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Apparently This Matters: Six Californias

An effort being pushed by a big tech investor would divide California into six states. None, sadly, would be named
An effort being pushed by a big tech investor would divide California into six states. None, sadly, would be named "Steve."
STORY HIGHLIGHTS
  • Noted technology investor, Tim Draper, wants to turn California into six separate states
  • Silicon Valley would be its own state
  • Draper is submitting a ballot proposition proposal to the state attorney general

Editor's note: Each week in "Apparently This Matters," CNN's Jarrett Bellini applies his warped sensibilities to trending topics in social media and random items of interest on the Web.

(CNN) -- Growing up in Arizona, the common joke was that one day a giant earthquake would tear California out into the Pacific and then we'd all have oceanfront property.

It never happened. So we made a lake in Tempe.

Same thing. Fewer whales.

The truth is that California isn't going anywhere, and, now, as it continues to grow as a political superpower and cultural trend-setter, some people want to figure out just what the hell to do with our nation's weirdo West Coast uber-state.

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"Apparently This Matters" Is Jarrett Bellini's weekly (and somewhat random) look at social-media trends.

I say we give it a funny hat.

But noted technology investor Tim Draper has a different idea that's both bold and arguably insane. And he's quite serious about it.

Draper wants to turn California into six separate states.

His initiative, Six Californias, quietly started bouncing around the Internet, but is getting more and more attention now that Draper's actually moving forward, trying to make his dream a reality.

I've been told this phenomenon is called "follow-through." I'd be inclined to try it some day, but it sounds like it requires effort. And pants.

That said, Draper appears up for the task, and he recently shared his big idea with TechCrunch writer Gregory Ferenstein, who reports that Draper is "submitting a polished version to the state's Attorney General in the form of a ballot proposition proposal within the next 48 hours."

Now, that doesn't necessarily mean anything. Theoretically, I could submit a proposal that requires all Californians to wear REO Speedwagon T-shirts on Wednesdays, but it doesn't mean it's going to happen.

Mind you, it should. Because it would be awesome. But it won't.

The reality is that trying to get an initiative on the state ballot is both difficult and expensive. And I just don't hold the cash to push forward my REO Speedwagon plan.

However, Draper might just have the wherewithal to make the possibility of Six Californias an actual thing.

But why?

His major argument is that, currently, California isn't represented properly in Washington -- that two senators simply cannot speak for the massive population of the entire state.

Additionally, Draper argues that creating six Californias would encourage more business competition and allow the separate states to make decisions and regulations that are more appropriate to their respective populations.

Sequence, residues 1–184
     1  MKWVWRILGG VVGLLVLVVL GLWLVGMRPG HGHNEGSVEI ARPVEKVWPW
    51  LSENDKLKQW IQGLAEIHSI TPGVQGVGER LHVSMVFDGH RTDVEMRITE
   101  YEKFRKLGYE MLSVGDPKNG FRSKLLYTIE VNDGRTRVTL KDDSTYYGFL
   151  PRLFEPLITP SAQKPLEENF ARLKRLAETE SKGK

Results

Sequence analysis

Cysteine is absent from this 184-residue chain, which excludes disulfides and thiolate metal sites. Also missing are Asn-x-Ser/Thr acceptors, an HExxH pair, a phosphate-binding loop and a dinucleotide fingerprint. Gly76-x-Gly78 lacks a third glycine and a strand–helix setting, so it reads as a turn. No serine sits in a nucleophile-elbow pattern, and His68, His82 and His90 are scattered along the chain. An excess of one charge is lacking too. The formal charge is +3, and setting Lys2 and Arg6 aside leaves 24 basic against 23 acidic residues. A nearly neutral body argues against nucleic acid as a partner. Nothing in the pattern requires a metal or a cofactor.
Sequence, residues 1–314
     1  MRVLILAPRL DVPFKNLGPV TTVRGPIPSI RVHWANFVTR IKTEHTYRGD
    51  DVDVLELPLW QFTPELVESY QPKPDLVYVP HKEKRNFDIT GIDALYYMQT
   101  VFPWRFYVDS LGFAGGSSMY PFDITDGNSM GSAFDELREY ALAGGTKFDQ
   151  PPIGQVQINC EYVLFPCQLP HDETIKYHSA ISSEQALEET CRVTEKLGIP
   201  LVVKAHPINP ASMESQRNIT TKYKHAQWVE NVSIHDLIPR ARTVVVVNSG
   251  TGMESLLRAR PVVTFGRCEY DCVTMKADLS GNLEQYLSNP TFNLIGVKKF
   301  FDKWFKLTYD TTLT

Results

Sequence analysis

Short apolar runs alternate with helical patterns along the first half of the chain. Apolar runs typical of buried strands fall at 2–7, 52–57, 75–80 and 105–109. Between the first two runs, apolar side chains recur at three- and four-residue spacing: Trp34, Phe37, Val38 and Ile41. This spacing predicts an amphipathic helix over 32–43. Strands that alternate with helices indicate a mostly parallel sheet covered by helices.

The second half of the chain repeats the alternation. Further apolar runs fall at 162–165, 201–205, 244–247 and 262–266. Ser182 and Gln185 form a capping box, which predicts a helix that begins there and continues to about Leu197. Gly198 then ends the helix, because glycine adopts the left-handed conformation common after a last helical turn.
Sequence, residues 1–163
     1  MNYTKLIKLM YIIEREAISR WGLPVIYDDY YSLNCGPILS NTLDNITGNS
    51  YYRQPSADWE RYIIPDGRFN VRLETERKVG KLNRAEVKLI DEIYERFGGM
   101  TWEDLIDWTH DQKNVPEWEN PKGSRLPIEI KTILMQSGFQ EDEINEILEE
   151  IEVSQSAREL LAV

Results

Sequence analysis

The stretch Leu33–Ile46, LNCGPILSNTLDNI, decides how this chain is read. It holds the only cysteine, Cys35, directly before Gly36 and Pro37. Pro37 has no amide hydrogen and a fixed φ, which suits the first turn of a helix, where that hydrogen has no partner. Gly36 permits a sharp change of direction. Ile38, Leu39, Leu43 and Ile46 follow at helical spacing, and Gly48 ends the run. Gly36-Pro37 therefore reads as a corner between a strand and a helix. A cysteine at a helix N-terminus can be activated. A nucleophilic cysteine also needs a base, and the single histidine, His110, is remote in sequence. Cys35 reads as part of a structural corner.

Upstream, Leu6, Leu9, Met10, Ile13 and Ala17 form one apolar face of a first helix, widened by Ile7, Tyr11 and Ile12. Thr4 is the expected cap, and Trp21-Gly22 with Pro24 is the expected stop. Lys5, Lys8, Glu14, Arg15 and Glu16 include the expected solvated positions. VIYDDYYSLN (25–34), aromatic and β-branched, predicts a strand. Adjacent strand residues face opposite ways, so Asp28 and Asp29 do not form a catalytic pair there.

"So, uh ... who wants some weed?"

Of course, debating, here, the serious pros and cons of this initiative are far beyond my pay grade. I mean, I guess it makes sense. But, then again, so does the McRib.

Clearly, I'm not the man with the answers. Unless, of course, those answers pertain to Simpsons trivia. In which case, I'm your Huckleberry.

I really have no idea whether this would be good or bad, but, still, it's easy to identify at least one of the major points of debate within Draper's plan, which is turning Silicon Valley into its own state, stretching from the Sierra Mountains to the shores of the Bay Area.

Again, I'm not smart enough to truly understand the actual impact of something like this, but it seems that that particular state might be disproportionately amazing compared to the other five.

"Don't mind us. We're just going to take all the pretty and successful parts. But, hey, good luck with Los Angeles!"

In Draper's plan, the other five states that don't get to be Silicon Valley would be known as Jefferson, North California, Central California, West California, and South California.

Now, at this point, having shared the basics of Draper's vision, I want to go firmly on the record as saying I absolutely, 100% disagree with this idea. It's simply the worst. Not so much because of any sound political or social reasons, but because I'm terribly OCD and couldn't, even for a second, fathom 55 states.

This would drive me crazy.

And what would we do with our flag. It would be chaos!

That said, I do, however, support cutting the state in half. At least so long as we eliminate one of our current states to keep the stars on the flag just as they are.

In a perfect world, I suppose California would be divided into two states -- Northern California and Steve.

And then we would combine North and South Dakota into just Dakota. Which, as a name, actually sounds quite pretty without the directional prefixes. And I'm sure all seven people who live there will learn to get along as one.

But more importantly, Jarrett gets to sleep at night.

Fifty stars. A beautiful thing.

And, really, dividing California is not a completely far-fetched idea. Draper notes in his proposal that, "Voters overwhelmingly approved the splitting of California into two states in 1859, but Congress never acted on that request due to the Civil War."

No matter what happens -- if anything -- it'll be a while before a vote actually occurs. These things take time.

But it's fun to think about.

And I bet REO Speedwagon would play the big constitution-signing party in Steve.

Follow @JarrettBellini on Twitter.

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